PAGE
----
Sandhill crane takes suburban stroll

  • Article by: VAL CUNNINGHAM , Contributing Writer
  • Updated: September 2, 2014 - 1:43 PM

An adult sandhill crane, such as this one followed by its two chicks, is an amazing sight, whether in the wild, as here, or in a busy suburb.

Photo: Jim Williams • Special to the Star Tribune,

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Q: We live in Bloomington on the bluff overlooking the Minnesota River and see a parade of wildlife through our yard. But last week I saw a large crane slowly prancing through the neighborhood and wonder if this is rare for this area.

A: It must have been a bit startling to look out and see a sandhill crane walking down the street. The staff at the Minnesota River Valley National Wildlife Refuge says that the refuge often hosts sandhills during the summer, although there are no documented sightings of nesting cranes. With up to 70 percent of the refuge underwater in mid-July, they theorize that the crane you saw was seeking higher ground.

Birds robbing spiders

Q: After reading your column about hummingbirds and their use of spider webbing to construct their nests, I’m trying to recall what I’ve read about how wrens use spiders.

A: You’re right, birds make good use of spiders’ expandable webbing for nest building.

And wrens take things a step further by gathering up spider egg sacs and stuffing them into the nooks and crannies of their stick nests. When the young spiders hatch, they help control insects that invade nest boxes. And here’s another one: Many songbirds feed small spiders to their nestlings during their first week of life. Researchers have found that spiders contain an amino acid that makes young birds more intrepid and intelligent.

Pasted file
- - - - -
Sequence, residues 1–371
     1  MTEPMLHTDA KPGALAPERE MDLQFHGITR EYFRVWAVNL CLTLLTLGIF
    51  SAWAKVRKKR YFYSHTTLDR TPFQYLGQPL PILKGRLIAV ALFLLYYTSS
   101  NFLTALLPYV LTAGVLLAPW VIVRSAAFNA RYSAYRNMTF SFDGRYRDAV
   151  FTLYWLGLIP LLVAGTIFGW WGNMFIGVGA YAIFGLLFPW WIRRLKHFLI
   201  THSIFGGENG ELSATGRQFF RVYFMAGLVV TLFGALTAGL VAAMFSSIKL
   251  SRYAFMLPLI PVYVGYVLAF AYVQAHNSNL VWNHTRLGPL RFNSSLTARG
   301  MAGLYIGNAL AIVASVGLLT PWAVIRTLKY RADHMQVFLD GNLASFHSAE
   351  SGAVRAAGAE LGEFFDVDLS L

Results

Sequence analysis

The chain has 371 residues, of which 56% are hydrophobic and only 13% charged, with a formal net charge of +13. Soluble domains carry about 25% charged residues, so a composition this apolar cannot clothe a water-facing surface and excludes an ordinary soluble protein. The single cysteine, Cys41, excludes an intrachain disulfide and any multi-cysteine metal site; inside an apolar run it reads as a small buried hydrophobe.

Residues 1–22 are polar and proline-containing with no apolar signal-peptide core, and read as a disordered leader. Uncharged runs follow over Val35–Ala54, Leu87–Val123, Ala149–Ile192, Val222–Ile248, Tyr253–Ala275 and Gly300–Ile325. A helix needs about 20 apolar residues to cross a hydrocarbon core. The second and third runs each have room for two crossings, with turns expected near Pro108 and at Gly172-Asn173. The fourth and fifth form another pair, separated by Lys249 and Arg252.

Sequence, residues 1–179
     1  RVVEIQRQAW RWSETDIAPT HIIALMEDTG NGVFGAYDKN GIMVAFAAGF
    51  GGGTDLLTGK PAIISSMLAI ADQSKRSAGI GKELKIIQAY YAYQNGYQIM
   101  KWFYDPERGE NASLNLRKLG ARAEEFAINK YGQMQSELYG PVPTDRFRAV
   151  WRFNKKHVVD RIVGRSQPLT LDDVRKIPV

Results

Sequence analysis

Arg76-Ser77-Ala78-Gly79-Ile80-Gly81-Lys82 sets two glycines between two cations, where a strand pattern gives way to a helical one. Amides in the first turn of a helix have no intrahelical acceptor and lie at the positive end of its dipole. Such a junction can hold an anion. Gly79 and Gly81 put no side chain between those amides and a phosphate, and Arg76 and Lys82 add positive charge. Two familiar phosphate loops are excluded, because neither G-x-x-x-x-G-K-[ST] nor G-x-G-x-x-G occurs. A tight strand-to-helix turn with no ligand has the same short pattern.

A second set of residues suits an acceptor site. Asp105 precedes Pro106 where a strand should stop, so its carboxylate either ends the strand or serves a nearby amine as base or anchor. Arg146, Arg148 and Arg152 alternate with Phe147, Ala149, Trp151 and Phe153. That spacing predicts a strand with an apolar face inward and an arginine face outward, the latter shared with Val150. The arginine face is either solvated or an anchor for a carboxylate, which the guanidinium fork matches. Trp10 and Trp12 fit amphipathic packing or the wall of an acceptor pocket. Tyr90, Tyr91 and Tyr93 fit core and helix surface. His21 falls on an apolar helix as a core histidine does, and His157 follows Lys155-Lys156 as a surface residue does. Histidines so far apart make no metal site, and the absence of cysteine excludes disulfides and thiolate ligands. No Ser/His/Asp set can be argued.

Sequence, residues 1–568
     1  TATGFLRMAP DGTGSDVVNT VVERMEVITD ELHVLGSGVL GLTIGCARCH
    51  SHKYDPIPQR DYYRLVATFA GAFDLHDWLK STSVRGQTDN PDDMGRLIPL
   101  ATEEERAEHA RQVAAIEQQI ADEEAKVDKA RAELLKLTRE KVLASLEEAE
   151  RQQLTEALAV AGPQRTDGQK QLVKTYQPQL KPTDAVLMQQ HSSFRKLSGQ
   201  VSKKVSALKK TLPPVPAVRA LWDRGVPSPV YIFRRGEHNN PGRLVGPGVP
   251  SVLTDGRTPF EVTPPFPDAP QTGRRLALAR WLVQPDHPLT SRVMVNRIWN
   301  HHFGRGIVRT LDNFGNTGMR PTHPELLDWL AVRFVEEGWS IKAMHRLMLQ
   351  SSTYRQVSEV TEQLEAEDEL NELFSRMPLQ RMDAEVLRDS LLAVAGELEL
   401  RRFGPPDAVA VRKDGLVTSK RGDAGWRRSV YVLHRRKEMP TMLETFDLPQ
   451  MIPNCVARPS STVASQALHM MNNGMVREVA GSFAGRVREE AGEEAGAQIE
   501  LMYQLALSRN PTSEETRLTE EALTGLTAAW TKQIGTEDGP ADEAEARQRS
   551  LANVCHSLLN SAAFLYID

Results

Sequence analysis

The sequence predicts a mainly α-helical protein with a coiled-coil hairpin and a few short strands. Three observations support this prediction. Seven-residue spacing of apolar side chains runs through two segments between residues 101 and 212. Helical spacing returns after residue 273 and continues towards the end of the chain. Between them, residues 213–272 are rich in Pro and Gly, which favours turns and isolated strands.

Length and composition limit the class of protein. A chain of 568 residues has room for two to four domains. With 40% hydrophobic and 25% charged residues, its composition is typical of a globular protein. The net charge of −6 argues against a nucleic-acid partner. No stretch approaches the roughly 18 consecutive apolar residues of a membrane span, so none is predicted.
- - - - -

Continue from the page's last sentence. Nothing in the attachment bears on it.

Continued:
Hornet push-back

Q: I’m having a real problem with hornets taking over my oriole jelly feeder and keeping the birds away. Any ideas?

A: Hornets can be a nuisance around jelly feeders and sugar-water feeders. The insects are hungry for the carbohydrates, driving away birds wary of getting stung. How about mixing up a batch of sugar water, slightly more sugary than hummingbird or oriole nectar, maybe 3 parts water to 1 part sugar. Place this in a shallow dish on the ground in the vicinity of your feeder, maybe 6 to 10 feet away. The hornets should flock to the dish feeder and leave your bird feeder alone.

Worms for orioles?

Q: Now that the orioles have returned to my feeders, should I be offering mealworms to them?

A: At this time of year I’d bet that your orioles will prefer jelly to mealworms. They need to put on a fat layer to sustain them on migration, and high-energy carbohydrates do this more quickly than protein (in mealworms) does.

Why orioles like grape

Q: Why do orioles eat grape jelly and not other fruit flavors, like strawberry?

A: Orioles show a marked preference for dark fruits, like ripe mulberries, grapes and elderberries. If you have a mulberry tree in your yard, you can test this yourself, by watching as various species of birds feed on the fruit. While robins and catbirds and others will gobble up semi-ripe fruit, orioles will take nothing but the ripest berries.

When’s migration?

Q: When does fall migration start?

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